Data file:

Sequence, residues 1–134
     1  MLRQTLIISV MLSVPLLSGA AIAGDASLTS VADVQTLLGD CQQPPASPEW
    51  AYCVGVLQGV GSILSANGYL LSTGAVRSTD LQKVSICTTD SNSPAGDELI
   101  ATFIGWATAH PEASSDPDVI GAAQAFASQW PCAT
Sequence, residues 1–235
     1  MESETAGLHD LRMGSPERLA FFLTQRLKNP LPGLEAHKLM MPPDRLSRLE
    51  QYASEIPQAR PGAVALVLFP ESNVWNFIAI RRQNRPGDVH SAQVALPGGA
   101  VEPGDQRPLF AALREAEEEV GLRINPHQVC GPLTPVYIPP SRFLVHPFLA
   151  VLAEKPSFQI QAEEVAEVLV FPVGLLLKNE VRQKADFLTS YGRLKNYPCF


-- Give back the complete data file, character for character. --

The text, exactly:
Sequence, residues 1–134
     1  MLRQTLIISV MLSVPLLSGA AIAGDASLTS VADVQTLLGD CQQPPASPEW
    51  AYCVGVLQGV GSILSANGYL LSTGAVRSTD LQKVSICTTD SNSPAGDELI
   101  ATFIGWATAH PEASSDPDVI GAAQAFASQW PCAT
Sequence, residues 1–235
     1  MESETAGLHD LRMGSPERLA FFLTQRLKNP LPGLEAHKLM MPPDRLSRLE
    51  QYASEIPQAR PGAVALVLFP ESNVWNFIAI RRQNRPGDVH SAQVALPGGA
   101  VEPGDQRPLF AALREAEEEV GLRINPHQVC GPLTPVYIPP SRFLVHPFLA
   151  VLAEKPSFQI QAEEVAEVLV FPVGLLLKNE VRQKADFLTS YGRLKNYPCF